Mr. Trump claimed during his speech that his administration has “saved taxpayers hundreds of millions of dollars by bringing down the price of the fantastic new F-35 jet fighter.”

Our fact check? Somewhat true, somewhat false.

Similar to Mr. Trump’s claims on job creation, this claim is true on its face: Lockheed Martin is reducing the costs of its F-35s. However, Aviation Week notes that Mr. Trump has overstated his role in the reductions: the plans to lower costs on the F-35 program were announced before Mr. Trump met with Lockheed Martin’s CEO.


Mr. Trump claimed the U.S. murder rate in 2015 “experienced its largest single-year increase in nearly half a century.”

What’s the verdict on this claim? It’s true but misleading. 

Yes, the increase in the murder rate year-over-year is among the biggest spikes in 47 years. But the murder rate itself is among the lowest it’s been over that same time period. 

The Associated Press points out the murder rate in 2015, “stood at 4.9 murders per 100,000 people, a far cry from the rates in the 1970s, 1980s and most of the 1990s, when they were typically over 6 per 100,000, peaking at over 10 in 1980.”

In fact, the AP noted, the murder rate has dropped sharply in that period time, despite a recent spike.

Mr. Trump has said in previous speeches the murder rate is “as high as it’s been in 45 years.”  That claim is false, according to FBI crime statistics. 


Mr. Trump claimed that “in the last 8 years, the past Administration has put on more new debt than nearly all other Presidents combined.”

The verdict? Somewhat true, somewhat false.

It is true that the national debt nearly doubled under President Obama’s administration, going from $10.626 trillion when he took office to $19.947 trillion when he left office.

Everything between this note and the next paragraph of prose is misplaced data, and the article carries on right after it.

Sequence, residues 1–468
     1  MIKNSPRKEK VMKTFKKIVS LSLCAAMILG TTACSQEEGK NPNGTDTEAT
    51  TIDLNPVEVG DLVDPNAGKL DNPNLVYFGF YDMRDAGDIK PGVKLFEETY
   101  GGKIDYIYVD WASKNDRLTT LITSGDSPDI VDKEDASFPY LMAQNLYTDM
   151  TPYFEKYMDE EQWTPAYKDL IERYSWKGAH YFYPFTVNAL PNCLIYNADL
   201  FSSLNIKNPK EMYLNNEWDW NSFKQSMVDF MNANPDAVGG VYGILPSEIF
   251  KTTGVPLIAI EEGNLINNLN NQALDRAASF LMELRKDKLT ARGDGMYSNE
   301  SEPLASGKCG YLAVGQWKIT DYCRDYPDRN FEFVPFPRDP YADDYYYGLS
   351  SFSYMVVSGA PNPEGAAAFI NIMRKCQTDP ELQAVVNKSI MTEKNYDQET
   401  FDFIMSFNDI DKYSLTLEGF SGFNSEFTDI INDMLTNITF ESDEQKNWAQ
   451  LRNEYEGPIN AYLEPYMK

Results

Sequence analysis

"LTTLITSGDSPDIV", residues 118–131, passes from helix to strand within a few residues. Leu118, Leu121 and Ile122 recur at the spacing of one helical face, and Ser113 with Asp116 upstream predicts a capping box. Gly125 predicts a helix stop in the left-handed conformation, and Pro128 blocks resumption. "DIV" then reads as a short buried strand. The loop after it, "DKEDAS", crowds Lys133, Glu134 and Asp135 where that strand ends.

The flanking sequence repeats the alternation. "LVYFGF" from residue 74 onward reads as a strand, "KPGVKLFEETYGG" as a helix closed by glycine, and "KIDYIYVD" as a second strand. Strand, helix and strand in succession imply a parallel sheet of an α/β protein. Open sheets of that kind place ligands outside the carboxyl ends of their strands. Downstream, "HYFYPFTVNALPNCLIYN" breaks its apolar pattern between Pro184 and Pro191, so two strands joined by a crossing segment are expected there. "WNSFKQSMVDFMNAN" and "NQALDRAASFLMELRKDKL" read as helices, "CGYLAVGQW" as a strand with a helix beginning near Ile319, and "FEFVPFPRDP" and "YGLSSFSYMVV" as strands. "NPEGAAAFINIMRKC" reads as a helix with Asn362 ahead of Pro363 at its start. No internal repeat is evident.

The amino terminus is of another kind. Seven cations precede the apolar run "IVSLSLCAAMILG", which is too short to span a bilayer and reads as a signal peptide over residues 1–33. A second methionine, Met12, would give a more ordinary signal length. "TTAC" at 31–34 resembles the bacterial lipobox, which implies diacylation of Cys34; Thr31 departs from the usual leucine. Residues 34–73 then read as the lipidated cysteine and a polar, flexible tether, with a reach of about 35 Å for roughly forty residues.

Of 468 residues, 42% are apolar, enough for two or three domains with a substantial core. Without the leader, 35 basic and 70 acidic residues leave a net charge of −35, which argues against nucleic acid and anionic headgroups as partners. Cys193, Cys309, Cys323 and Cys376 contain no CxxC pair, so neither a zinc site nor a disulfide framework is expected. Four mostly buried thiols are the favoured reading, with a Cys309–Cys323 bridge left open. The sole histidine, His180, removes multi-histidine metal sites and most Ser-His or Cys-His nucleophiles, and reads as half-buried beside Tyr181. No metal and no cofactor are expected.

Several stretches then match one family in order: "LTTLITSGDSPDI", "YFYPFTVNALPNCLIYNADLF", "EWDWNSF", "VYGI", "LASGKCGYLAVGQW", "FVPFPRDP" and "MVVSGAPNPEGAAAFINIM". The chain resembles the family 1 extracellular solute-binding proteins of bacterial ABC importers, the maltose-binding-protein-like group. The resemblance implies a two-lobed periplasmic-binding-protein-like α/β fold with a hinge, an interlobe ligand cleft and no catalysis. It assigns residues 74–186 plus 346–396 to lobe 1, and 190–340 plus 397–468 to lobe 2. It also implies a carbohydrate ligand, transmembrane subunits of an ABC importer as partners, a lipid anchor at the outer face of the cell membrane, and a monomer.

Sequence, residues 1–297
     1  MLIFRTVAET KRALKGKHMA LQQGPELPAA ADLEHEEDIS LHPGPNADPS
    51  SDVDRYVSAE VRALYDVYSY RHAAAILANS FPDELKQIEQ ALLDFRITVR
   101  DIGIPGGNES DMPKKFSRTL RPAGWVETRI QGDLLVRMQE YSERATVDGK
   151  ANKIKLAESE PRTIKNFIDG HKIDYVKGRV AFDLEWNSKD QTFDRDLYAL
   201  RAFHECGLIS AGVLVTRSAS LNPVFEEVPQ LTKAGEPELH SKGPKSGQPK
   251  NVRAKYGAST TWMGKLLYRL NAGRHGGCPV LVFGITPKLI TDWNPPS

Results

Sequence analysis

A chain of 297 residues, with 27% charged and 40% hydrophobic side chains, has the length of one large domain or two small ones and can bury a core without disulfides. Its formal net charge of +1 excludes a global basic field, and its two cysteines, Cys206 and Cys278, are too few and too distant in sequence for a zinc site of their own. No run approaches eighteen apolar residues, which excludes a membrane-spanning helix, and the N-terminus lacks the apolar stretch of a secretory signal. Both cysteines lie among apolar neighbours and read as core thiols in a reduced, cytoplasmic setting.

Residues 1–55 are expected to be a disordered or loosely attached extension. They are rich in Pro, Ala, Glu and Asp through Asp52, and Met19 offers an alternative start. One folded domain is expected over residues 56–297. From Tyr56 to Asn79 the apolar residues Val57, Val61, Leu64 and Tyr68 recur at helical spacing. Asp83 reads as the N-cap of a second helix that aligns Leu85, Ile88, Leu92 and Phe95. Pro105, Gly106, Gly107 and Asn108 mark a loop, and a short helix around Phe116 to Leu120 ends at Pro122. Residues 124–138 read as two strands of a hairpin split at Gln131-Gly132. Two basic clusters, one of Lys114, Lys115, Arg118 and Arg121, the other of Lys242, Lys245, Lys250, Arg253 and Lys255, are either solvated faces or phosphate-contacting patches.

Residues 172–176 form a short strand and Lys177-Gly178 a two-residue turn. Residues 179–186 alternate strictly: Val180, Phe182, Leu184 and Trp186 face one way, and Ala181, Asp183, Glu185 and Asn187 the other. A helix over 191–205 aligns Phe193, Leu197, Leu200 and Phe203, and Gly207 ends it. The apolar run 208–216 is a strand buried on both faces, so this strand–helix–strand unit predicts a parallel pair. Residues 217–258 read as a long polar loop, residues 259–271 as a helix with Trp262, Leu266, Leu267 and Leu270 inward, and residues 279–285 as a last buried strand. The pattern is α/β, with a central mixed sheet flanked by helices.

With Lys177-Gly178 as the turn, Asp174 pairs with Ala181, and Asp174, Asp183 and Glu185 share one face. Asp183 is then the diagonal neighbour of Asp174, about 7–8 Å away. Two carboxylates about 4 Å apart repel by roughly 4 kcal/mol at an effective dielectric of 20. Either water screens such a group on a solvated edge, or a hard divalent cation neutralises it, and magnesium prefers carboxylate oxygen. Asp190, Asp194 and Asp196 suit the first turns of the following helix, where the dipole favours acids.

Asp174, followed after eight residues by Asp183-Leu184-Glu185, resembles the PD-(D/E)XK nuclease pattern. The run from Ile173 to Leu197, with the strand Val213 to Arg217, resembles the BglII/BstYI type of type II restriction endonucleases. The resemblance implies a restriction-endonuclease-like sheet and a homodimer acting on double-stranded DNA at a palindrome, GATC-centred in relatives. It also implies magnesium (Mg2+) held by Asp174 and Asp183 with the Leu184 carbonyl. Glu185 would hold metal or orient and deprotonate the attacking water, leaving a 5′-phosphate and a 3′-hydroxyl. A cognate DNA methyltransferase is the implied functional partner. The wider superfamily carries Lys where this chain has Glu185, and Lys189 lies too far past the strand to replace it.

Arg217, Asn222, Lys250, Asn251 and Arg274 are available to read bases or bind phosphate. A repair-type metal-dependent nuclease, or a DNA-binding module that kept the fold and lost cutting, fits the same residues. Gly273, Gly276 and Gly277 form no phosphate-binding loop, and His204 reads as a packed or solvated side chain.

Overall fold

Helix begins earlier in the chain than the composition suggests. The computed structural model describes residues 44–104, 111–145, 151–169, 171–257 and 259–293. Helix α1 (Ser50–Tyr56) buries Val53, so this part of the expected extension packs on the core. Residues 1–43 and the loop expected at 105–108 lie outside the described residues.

But the Committee for a Responsible Federal Budget notes it’s more complicated than that:

“It is a vast overstatement to place the entire blame on Obama; rather, it’s complicated,” the organization said. “Some of the debt increase was already projected to occur before anything was signed by Obama. Moreover, spending and tax decisions are primarily the responsibility of Congress – at least officially – and often end up being the result of actions (or inactions) agreed upon by both Congress and the president.”


Mr. Trump claimed during his speech that the U.S. has spent “approximately $6 trillion in the Middle East, all this while our infrastructure at home is crumbling.

The verdict? Somewhat true, somewhat false.

According to Politifact, this oft-cited statistic from Mr. Trump takes into account both U.S. spending in the Middle East that’s already taken place as well as spending that is expected in the coming years. So while the U.S. may eventually spend $6 trillion in the Middle East, it hasn’t yet reached that level.

Using data from the Congressional Research Service and a study from Brown University, among other sources, Politifact estimated in October that spending in the Middle East through 2017 would add up to approximately $4.79 billion -- more than $1 trillion below Mr. Trump’s estimate.


Mr. Trump claimed the trade deficit last year was “nearly $800 billion.”

Our fact check? False.

According to the U.S. Census Bureau and the U.S. Bureau of Economic Analysis in December:

“For 2016, the goods and services deficit was $502.3 billion, up $1.9 billion from $500.4 billion in 2015,” a report from the agencies said. “Exports were $2,209.4 billion in 2016, down $51.7 billion from 2015. Imports were $2,711.7 billion in 2016, down $49.9 billion from 2015.”